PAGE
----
The Evils of Coveting

The first weekend of May I was at a writing conference in Oklahoma City, OK.  While at the conference I had the pleasure of meeting a gentleman whom I’d read on the blog of his literary agency (Hartline Literary Agency, ) where he is an agent.  The gentleman’s name is Terry Burns and he’s a unique individual.  (He’s also a dead ringer for my mom’s cousin, Bob McCleary, right down to the western dress, his voice, and his mustache.)  Terry is also a many times over published author and his writing on the blog shows he’s quite accomplished.

The subject of the particular entry was “ A bigger deal is getting away” He wrote about how he answered authors that were hesitant to accept a particular book deal for fear that they might lose a bigger, better deal. His answer is, and I quote, “Let me set your mind at ease, a bigger one IS getting away.” In the publishing business, unless your name is Steven King, Tom Clancy, Dale Brown, etc., you’re ALWAYS going to have a better deal get away. That’s just the way it is.  It’s up to your agent to negotiate the best deal they think they can and then it’s up to YOU to realize that while it may not be the absolute best deal in the world, if it wasn’t a GOOD deal then they wouldn’t be recommending it and you need to learn to accept that.

As I was reading Terry’s musings on the subject, my mind explored just how true that was in so many aspects of our lives.  What it boils down to, at least to me, is Coveting.  Whether you believe in God and the Ten Commandments or not, few would disagree that to covet is a very bad thing.  In fact, I’d say it’s probably one of the worst things because it leads to so many other evils in our lives and the world.  Think about it for a minute.  Why do people commit adultery?  Because they covet another person’s spouse.  Why do they steal?  Because they covet someone else’ money.  Why do they kill?  Because they covet someone else’ life.  Heck, why do we start wars, in many cases?  Because one nation covets the resources or property of another.

To covet something points out just how dissatisfied with our own lives we really are in many cases.  It’s the root of why we never feel like we got the best deal.  We always covet the deal that we heard someone else got that might be better.  This directly relates to what I see happening in the United States today.  We have let the coveting of others’ possessions rule our lives instead of earning and working for what we have.  An excellent example is the recent debate on health care and more specifically, health insurance.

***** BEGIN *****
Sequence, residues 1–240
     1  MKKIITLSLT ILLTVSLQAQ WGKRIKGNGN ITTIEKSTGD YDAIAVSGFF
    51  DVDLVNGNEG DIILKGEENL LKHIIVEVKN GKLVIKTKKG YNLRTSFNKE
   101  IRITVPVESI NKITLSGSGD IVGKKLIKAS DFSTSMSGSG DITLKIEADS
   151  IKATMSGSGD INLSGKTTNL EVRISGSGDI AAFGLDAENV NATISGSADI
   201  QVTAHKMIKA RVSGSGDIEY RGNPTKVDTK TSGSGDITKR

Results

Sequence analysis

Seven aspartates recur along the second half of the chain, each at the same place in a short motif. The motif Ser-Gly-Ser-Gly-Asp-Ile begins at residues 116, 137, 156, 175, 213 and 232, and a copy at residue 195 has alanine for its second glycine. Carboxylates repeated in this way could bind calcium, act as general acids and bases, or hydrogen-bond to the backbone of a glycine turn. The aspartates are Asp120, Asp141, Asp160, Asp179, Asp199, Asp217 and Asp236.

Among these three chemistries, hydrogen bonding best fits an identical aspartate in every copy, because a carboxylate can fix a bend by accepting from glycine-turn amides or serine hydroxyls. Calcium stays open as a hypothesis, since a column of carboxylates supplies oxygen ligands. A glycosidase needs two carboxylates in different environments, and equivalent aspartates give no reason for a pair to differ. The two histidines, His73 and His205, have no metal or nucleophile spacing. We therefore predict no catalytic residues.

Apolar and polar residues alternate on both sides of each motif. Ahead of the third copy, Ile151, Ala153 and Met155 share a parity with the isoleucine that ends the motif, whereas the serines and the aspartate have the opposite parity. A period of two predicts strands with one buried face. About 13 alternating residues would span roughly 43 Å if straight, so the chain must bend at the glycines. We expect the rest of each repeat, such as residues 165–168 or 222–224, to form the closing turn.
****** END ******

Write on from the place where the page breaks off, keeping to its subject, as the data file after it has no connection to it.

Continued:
There is no doubt that a certain, small number of citizens cannot afford to pay for their own adequate health insurance.  The numbers vary on the uninsured in the US but generally it boils down to about 10% of our population, but not all of those people can’t afford to have health insurance, they simply choose NOT to have health insurance.  We all know of people that have 2, 3, or more cars and no health insurance.  They might have boats and other toys as well, but say they can’t afford health insurance.  These people first covet what others have in the way of material goods (cars, boats, atv’s, TV’s, etc.) to the point that they ignore the true needs of their family and when they realize they should have something like health insurance, they covet the actual coverage others have worked so hard, and paid for, often forgoing the same luxuries and toys.  While I believe that as a compassionate society we should help those that truly can’t afford their own insurance, I do not feel we are obligated to feed the covetous nature of those that simply have priorities that keep them from buying their own health insurance.

Coveting what someone else has is simply another way of saying I won’t be responsible for my own decisions and since someone else has it, I should have it as well.  I’m sorry, but that’s not true, and the sooner we cut that cycle of covetous dependency the sooner we can get our country back on the path the founding fathers intended.

-john stricker

Published in: on May 11, 2010 at 3:48 am  Leave a Comment  
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